RS I didn’t have a great childhood. In addition to growing up gay and sort-of effeminate in the suburban areas of a few very red states, my parents divorced during the most awkward part of my adolescence, which made my family’s already shaky financial situation even more dire. This motivated me to work hard from an early age, but growing up in a house where love was hard to find and where “no” was the most commonly-used word had a lasting impact. By the time I lost my job in 2009 at age 23, I felt so demoralized and like I worked a third of my life and accomplished almost nothing. I’d been gifted in school and graduated college early, but after several years in the “real world,” I feared I wasn’t cut out for it. Putting everything on the line to move to China, and having it all turn out the way it did, made me much more fearless and forced me to accept the fact that risk is commensurate with reward. This is not to say I don’t have anxiety or doubt, but I mostly live with the calm confidence that I’m going to be up to whatever challenge life hands me.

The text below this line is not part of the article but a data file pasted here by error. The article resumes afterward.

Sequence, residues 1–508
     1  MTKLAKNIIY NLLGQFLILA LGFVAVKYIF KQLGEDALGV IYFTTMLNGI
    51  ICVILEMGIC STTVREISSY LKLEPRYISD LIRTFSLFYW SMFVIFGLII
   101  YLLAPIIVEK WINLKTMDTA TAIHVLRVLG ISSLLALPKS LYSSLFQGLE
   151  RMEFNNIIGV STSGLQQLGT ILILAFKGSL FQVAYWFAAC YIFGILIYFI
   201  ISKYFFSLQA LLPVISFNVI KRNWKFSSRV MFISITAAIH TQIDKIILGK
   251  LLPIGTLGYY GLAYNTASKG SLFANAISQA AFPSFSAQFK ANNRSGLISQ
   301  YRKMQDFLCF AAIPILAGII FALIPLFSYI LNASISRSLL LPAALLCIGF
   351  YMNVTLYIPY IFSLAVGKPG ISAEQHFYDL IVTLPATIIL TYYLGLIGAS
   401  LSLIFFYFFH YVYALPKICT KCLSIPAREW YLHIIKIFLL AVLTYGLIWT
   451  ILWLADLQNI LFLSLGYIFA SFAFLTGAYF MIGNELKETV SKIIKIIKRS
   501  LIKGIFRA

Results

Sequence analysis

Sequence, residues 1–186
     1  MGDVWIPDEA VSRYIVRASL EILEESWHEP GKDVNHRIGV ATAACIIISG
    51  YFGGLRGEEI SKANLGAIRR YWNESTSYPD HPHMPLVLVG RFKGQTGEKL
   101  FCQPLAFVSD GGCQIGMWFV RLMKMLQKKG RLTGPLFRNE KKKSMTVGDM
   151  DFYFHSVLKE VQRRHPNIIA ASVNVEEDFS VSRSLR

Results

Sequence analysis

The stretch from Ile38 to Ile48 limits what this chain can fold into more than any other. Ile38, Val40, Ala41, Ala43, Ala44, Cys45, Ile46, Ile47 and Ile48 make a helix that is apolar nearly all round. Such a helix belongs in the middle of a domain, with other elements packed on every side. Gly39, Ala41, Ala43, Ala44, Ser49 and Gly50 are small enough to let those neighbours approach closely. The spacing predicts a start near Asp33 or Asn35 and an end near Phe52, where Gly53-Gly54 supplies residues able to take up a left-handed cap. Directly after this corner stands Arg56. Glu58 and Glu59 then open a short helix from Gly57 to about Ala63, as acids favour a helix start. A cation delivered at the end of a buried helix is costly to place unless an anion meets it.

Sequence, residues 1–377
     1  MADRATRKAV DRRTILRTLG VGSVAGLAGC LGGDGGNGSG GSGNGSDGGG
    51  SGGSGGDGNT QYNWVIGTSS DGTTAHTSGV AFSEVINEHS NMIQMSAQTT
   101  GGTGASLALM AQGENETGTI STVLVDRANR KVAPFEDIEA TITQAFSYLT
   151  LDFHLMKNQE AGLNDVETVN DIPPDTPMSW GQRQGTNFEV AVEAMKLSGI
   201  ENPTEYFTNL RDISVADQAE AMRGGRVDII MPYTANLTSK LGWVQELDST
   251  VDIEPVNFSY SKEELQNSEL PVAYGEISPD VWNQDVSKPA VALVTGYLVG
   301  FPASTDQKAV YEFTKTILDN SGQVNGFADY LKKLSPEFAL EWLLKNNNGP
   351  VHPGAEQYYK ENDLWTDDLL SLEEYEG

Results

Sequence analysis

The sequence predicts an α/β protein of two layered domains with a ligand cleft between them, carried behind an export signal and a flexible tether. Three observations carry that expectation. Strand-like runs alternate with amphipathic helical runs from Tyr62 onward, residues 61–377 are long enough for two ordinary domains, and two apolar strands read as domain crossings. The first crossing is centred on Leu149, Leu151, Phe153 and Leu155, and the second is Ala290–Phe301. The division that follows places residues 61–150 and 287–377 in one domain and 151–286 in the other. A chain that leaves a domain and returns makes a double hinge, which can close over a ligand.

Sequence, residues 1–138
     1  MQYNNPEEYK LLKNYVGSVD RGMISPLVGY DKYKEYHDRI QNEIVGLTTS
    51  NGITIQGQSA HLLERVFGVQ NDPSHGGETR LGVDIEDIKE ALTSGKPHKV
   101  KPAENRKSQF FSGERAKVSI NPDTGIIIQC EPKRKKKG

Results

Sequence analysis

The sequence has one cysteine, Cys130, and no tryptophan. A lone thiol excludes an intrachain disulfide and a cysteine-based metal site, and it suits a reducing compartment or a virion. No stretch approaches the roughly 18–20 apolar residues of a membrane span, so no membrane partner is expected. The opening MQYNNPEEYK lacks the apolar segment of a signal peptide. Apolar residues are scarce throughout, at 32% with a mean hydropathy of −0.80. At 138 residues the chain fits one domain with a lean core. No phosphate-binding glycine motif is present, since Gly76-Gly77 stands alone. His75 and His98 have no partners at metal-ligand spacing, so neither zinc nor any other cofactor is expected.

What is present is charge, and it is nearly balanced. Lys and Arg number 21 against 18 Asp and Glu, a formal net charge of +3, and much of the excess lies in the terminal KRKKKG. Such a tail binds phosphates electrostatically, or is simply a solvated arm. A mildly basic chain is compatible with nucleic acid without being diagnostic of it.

PT Do you have a favorite travel spot you’d like to share with Paste readers?

RS Bangkok has always been a magical city for me. Thailand was the first place I traveled after moving to China, but I hadn’t originally planned to spend any time in the city. Unfortunately, my camera broke on one of the islands and, not wanting to continue on to Angkor Wat without a means of documenting it, I built a shopping day into my schedule.

I remember falling in love with the city immediately, from how free I felt on the back of the motorbike that took me to the SkyTrain to how supernaturally beautiful all the people in the massive advertisements looked and the otherworldly energy that seemed to pump through the city nonstop. I had past-life regressions walking from Khao San Road to the train station one afternoon. I don’t even believe in that, but I knew I had been where I was, even though I hadn’t, if that makes sense. I’ve returned to Bangkok more than a dozen times since then, at least twice a year if I can. And every time, something serendipitous happens.

PT The “dream job” and “travel blogging” mentality is becoming more popular as well. Does the market seem saturated?